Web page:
(RxWiki News) Supplementing their daily diet with extra doses of certain nutrients is how many people seek better health. Vitamin D is one supplement that some people take in hopes of lowering high blood pressure. But whether vitamin D actually reduces that problem is an ongoing question.
A new study found that vitamin D did not noticeably improve a common form of high blood pressure that especially affects older adults.
"Talk to your doctor about blood pressure management."
Miles D. Witham, PhD, of the University of Dundee Division of Cardiovascular & Diabetes Medicine in Dundee, Scotland, was lead author of this study.
This research involved a group of 159 patients who, on average, were 77 years old. All patients were at least 70 years of age.
From June 2009 through May 2011, Dr. Witham and his fellow researchers monitored what happened when roughly half of these patients took 100,000 IUs of vitamin D3 at four different points: the start of the study, then three months, six months and nine months later. The remaining participants took a placebo pill that contained no vitamins at those same points in time.
The researchers measured the participants' blood pressure before the study began and 24 hours after they took vitamin D or the placebo at those four intervals in time.
The blood pressure, of patients assigned to take vitamin D, dropped by roughly 1 percent from what it was before they took the supplement, Dr. Witham told dailyRx News. That drop was not enough to significantly reduce blood pressure, he said.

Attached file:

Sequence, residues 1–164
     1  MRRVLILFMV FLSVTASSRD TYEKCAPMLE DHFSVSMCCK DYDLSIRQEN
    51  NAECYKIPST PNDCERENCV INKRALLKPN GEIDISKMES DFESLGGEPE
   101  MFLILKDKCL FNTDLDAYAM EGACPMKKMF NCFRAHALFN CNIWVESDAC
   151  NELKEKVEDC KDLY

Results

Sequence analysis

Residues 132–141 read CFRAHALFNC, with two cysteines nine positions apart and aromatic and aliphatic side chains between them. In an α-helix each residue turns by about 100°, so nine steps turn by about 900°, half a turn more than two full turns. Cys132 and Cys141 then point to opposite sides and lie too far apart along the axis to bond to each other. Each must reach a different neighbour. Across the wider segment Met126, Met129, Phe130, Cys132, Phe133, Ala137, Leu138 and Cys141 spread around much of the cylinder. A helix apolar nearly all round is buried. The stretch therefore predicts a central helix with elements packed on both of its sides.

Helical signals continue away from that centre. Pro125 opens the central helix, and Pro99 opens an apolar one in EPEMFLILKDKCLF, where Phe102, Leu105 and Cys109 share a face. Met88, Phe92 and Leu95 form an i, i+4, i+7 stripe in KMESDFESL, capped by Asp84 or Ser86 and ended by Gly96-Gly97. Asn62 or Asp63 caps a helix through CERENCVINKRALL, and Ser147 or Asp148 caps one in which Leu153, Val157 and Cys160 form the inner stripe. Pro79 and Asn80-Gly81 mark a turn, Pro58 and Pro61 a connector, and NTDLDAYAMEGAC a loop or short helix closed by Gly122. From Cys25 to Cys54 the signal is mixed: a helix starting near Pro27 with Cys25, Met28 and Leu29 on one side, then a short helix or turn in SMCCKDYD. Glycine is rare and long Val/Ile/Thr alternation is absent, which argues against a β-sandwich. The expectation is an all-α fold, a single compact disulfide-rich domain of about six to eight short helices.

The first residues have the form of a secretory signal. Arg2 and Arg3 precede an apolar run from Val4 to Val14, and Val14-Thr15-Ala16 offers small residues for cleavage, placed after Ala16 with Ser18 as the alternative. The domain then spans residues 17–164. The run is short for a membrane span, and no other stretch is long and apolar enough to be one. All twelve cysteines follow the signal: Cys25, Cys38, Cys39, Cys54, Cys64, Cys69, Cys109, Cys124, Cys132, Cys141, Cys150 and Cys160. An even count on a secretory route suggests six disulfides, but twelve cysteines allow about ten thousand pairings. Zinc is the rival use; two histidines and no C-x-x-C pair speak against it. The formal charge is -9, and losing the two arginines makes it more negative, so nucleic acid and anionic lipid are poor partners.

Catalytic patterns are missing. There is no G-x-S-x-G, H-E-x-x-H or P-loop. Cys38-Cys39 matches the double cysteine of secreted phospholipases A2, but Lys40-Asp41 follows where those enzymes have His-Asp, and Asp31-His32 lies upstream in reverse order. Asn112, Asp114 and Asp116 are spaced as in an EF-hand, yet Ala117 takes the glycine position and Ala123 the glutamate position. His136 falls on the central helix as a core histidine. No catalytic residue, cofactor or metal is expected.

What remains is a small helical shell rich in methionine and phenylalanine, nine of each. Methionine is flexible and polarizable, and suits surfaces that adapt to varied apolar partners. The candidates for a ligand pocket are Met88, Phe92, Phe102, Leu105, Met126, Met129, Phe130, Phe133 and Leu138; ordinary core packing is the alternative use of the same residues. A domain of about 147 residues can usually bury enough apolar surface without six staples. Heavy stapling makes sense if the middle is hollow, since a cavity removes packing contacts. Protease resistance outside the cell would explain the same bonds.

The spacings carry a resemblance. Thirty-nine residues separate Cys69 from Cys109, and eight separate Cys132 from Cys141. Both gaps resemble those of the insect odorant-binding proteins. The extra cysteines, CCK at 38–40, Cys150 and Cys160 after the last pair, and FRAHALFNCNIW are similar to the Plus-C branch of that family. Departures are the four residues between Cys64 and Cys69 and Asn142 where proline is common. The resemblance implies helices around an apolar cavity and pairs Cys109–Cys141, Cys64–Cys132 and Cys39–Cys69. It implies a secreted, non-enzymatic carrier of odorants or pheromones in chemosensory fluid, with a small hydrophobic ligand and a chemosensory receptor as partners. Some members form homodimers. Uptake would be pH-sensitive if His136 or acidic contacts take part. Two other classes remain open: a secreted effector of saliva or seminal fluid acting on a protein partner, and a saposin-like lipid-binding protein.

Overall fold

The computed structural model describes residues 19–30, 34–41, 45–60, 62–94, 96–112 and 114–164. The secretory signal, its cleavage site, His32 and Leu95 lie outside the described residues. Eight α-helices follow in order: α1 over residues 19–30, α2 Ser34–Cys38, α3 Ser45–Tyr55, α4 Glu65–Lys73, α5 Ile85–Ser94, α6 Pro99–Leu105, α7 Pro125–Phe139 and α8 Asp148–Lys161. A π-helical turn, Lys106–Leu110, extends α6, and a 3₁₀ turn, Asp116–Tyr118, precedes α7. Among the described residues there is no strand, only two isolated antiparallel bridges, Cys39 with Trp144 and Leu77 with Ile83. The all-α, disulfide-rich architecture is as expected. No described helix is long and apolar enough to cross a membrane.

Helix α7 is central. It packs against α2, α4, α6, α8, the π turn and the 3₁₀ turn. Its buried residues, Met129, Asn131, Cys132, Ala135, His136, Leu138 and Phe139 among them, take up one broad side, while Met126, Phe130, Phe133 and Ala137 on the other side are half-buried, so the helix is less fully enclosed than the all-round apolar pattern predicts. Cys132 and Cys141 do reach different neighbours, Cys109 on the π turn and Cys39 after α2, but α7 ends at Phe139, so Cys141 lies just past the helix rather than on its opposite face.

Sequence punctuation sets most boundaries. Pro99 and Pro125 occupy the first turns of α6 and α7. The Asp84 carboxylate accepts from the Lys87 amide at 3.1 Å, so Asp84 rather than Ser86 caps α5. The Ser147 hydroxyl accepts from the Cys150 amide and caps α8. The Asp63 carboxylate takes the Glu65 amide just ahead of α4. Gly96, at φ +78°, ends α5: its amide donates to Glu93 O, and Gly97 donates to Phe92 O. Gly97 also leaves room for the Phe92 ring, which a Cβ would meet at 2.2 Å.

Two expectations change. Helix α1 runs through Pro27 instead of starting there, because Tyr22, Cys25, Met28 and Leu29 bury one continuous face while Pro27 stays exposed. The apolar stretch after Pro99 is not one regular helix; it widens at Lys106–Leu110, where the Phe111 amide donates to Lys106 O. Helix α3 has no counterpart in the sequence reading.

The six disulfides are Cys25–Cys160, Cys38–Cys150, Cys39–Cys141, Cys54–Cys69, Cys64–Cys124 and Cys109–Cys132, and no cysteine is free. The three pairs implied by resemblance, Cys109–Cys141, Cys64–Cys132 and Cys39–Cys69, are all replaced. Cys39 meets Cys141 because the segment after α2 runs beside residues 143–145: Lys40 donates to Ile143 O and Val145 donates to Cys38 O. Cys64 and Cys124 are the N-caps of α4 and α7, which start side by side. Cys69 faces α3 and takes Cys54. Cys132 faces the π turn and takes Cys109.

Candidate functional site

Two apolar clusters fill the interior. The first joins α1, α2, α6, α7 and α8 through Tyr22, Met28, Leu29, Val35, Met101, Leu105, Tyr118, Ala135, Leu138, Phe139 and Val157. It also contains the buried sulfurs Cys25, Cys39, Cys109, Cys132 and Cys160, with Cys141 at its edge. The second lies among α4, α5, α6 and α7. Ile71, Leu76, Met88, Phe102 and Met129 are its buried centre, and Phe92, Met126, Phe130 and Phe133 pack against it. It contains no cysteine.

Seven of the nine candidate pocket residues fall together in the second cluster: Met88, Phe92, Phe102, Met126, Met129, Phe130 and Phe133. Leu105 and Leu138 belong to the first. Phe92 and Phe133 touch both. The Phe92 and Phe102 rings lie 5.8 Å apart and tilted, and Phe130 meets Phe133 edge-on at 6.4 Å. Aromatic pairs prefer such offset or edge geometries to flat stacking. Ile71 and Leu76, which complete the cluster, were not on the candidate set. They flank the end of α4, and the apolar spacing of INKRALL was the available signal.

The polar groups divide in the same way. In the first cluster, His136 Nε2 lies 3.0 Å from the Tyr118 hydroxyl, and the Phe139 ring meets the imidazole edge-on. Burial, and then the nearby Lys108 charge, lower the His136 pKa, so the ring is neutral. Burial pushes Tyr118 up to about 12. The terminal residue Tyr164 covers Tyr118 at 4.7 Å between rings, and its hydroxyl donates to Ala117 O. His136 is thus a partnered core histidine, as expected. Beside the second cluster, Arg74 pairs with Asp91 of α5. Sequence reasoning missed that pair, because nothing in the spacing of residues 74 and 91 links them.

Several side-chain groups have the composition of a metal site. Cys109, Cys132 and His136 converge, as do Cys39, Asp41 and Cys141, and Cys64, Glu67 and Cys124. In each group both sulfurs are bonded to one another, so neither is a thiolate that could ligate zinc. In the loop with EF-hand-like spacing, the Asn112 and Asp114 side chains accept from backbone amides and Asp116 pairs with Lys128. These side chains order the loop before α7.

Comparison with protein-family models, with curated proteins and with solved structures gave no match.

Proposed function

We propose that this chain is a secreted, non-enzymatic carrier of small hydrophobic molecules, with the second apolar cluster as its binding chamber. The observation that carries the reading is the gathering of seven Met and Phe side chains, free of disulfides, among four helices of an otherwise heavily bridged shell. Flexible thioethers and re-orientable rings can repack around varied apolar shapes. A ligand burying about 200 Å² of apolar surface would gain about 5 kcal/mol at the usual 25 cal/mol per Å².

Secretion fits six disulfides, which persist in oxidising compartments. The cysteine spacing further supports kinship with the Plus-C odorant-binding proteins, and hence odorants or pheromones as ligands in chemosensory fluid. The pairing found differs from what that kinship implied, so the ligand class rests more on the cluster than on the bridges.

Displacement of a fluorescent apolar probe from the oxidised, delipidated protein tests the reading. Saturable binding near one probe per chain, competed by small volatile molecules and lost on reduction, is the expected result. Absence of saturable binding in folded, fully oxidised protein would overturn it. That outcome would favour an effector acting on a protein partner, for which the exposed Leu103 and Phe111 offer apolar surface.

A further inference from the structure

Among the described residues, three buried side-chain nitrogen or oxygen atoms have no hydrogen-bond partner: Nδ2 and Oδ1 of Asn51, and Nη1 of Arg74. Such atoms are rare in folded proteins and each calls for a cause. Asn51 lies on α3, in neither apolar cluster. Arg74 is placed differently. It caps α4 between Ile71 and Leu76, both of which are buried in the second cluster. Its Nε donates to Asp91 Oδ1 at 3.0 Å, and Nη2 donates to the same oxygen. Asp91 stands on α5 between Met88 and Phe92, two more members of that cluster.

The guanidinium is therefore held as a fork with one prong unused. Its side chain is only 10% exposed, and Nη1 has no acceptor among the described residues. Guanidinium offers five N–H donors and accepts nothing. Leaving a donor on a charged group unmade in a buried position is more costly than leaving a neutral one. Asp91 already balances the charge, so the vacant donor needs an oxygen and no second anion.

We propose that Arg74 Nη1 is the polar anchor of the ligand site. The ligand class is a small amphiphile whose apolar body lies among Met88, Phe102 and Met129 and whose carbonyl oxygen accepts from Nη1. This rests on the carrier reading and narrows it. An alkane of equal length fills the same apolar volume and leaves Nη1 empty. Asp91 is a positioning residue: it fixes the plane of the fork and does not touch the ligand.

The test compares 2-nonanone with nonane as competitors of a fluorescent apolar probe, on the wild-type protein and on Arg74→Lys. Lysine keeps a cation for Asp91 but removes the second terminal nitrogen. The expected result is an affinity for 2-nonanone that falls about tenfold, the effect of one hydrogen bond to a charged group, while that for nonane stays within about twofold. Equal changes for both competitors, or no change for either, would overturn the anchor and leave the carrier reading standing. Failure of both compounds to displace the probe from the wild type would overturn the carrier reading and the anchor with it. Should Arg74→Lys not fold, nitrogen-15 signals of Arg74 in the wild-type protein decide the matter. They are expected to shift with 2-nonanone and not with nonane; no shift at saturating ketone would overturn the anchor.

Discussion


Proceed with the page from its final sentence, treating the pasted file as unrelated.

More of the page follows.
"The effect of the vitamin D was much smaller than the variation in blood pressure that we all experience throughout the day," Dr. Witham said.
"The change in blood pressure … may well have been due to chance. This result is disappointing, as it means that vitamin D is unlikely to help high blood pressure in older people, a group who often suffer from heart disease and stroke brought about by [high blood pressure]," he said.
Because medications to stabilize blood pressure often cause dizziness, adding them to prescription medicine that many older adults may already be taking can be hazardous, the researchers noted.
"New, simple, safe, and inexpensive ways of treating blood pressure in older people are highly desirable," the researchers wrote.
To analyze the effects of taking the vitamin or placebo pills, the researchers also measured such things as the stiffness of study participants' arteries — a sign of high blood pressure. The researchers also measured whether taking vitamin D changed how far, and with how much ease or difficulty, study participants could walk in six minutes' time.
Even though their study showed no benefits for older people with blood pressure who took vitamin D, these researchers wrote, “It is still possible, however, that vitamin D supplementation could have beneficial effects on cardiovascular health via non-blood pressure effects. And ongoing large randomized trials are due to report on this in the next few years."
This study was published August 12 in JAMA Internal Medicine.
National Health Service Research Scotland and the Scottish Government's Chief Scientist Office, which previously granted a fellowship to the lead researcher, funded the study.